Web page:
PARIS --- The cost of US combat aircraft has grown at a substantial rate during the past six months, according to the Pentagon’s latest Selected Acquisition Report, released on April 9 and covering the six months to Dec. 31, 2006.
The largest increase was posted by the Joint Strike Fighter (JSF) program, whose total cost jumped by $23.3 billion (or +8.5 percent) in six months, equivalent to an annualized growth rate of 17%. This is much higher than any previous forecast for the program, and bodes ill for the program’s future affordability.
According to the Pentagon, the increase in JSF costs (from $276.4 billion to $299.8 billion) is “due primarily to a decrease in the annual procurement quantities and a stretch-out of the production buy schedule from fiscal year 2027 to fiscal year 2034.”
Other factors are “commodity market price increases (+$5,472.8 million), revised assumptions based on contractor LRIP I proposals and methodology (+$8,307.1 million), and support increase due to aircraft configuration update, revised procurement profile, and methodology changes (+$6,423.2 million),” the Pentagon said. These increases were partially offset by lower estimates of JSF prime and subcontractor labor rates (-$3,576.3 million) and for subcontractor costs (-$5,201.4 million).
If JSF wins the prize for fastest price inflation, other military combat aircraft programs also experienced significant increases: +4.3 percent for the F-22, +8.2 percent for the V-22 Osprey, +5.4 percent for the F/A-18E/F Super Hornet.
Much higher cost growth was experienced by the C-130 avionics modernization program (AMP), with an increase of +21.2 percent even though the number of aircraft being retrofitted was cut by 166.
In the field of helicopters, the cost of the US Army’s ARH (Armed Reconnaissance Helicopter) program increased by $1.78 billion, or +49.6 percent, but this was mostly due to the fact that production numbers jumped by 144 units to 512. Unit costs increased only marginally.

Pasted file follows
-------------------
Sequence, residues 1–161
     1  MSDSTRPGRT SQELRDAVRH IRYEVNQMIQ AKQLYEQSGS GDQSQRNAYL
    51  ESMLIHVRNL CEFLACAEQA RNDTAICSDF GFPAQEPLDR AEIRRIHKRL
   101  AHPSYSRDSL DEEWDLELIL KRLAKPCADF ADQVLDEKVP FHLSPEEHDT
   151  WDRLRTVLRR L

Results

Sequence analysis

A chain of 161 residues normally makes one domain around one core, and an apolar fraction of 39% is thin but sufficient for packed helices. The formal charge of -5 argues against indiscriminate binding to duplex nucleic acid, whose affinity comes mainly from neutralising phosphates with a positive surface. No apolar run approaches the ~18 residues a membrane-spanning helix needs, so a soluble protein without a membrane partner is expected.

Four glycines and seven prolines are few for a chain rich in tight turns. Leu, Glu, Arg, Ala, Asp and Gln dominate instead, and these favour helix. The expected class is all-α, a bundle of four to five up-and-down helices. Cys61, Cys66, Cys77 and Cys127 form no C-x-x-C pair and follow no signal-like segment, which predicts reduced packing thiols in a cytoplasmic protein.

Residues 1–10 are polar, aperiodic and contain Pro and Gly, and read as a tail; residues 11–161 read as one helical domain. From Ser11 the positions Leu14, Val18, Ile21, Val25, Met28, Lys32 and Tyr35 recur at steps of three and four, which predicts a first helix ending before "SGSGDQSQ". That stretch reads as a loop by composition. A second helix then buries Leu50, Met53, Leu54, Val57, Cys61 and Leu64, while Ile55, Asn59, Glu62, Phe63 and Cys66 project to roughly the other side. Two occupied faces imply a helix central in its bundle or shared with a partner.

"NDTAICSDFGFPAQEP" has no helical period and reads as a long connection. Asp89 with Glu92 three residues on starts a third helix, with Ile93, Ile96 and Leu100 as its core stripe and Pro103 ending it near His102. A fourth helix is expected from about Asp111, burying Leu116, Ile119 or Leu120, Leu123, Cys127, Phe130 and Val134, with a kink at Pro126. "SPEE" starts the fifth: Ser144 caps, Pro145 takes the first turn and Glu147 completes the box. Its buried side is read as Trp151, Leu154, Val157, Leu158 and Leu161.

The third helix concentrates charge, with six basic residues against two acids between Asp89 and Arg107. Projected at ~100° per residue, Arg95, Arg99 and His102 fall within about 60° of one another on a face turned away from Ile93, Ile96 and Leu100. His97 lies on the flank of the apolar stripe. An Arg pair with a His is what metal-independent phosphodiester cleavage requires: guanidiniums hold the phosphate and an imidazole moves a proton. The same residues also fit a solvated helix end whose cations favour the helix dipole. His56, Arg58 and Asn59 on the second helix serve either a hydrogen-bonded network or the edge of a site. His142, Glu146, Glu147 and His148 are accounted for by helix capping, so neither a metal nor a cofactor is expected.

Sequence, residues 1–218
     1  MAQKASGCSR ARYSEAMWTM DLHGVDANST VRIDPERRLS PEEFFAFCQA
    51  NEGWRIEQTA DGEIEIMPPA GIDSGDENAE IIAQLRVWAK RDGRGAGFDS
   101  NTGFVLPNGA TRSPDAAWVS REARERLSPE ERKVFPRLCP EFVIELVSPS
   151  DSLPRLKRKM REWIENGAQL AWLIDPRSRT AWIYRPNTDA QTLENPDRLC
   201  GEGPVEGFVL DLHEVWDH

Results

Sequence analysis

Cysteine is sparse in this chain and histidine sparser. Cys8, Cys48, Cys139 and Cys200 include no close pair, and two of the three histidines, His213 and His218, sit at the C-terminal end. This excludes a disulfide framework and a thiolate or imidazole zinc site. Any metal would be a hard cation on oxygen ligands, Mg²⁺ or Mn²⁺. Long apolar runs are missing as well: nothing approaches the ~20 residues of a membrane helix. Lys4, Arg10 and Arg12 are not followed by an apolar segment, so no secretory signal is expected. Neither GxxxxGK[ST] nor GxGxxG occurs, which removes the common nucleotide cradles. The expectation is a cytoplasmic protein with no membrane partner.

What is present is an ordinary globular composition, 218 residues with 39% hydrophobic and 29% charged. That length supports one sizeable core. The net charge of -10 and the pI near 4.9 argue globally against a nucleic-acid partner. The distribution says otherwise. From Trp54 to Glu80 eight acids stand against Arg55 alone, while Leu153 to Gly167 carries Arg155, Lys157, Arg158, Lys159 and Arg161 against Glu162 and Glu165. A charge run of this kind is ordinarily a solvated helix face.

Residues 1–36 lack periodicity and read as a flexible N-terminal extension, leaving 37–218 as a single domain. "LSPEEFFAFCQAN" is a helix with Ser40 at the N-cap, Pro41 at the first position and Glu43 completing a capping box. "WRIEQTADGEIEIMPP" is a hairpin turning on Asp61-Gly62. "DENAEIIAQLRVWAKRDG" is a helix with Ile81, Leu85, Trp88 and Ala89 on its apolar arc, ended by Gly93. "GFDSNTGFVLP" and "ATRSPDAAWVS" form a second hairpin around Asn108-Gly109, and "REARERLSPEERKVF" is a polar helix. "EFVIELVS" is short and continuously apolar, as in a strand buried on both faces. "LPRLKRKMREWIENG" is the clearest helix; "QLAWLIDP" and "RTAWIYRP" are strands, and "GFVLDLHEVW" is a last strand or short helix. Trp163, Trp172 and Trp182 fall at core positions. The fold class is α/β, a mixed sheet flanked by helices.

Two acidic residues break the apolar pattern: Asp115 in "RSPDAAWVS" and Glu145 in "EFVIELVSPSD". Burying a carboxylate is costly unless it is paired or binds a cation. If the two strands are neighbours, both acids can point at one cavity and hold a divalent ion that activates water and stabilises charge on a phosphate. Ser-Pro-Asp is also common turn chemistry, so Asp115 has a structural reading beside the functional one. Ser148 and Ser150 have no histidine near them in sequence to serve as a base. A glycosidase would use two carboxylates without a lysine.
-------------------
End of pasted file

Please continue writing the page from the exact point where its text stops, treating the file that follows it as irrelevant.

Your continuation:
US Military Aircraft Prices
For the second time, we publish below the unit program costs of US selected military aircraft, based on the April 9 Selected Acquisition Report, in which the Pentagon estimates the total cost of each major program by computing actual costs to date, when available, or by estimating future anticipated costs, when not. All estimates include anticipated inflation allowances.
Our Program Cost per Unit (PCU) figures are computed by dividing the total cost of each program, as stated in the SAR, by the number of units to be produced.
Each PCU includes research and development costs, and some support costs. It is thus not an indication of actual acquisition prices.
It is, however, the simplest, clearest and most accessible measure of weapon costs publicly available.
It also offers two major advantages: it is practically immune to manipulation, and is a credible basis for direct comparisons between programs.
US Military Aircraft: Unit and Total Costs by Program
(Source: US DoD for data; defense-aerospace.com for calculations)
(Based on Selected Acquisition Reports to December 31, 2006)
(in $ millions)
- Department of Defense Releases Selected Acquisition Reports (released April 9, 2007)
- SAR Program Acquisition Cost Summary (as of 31/12/2006)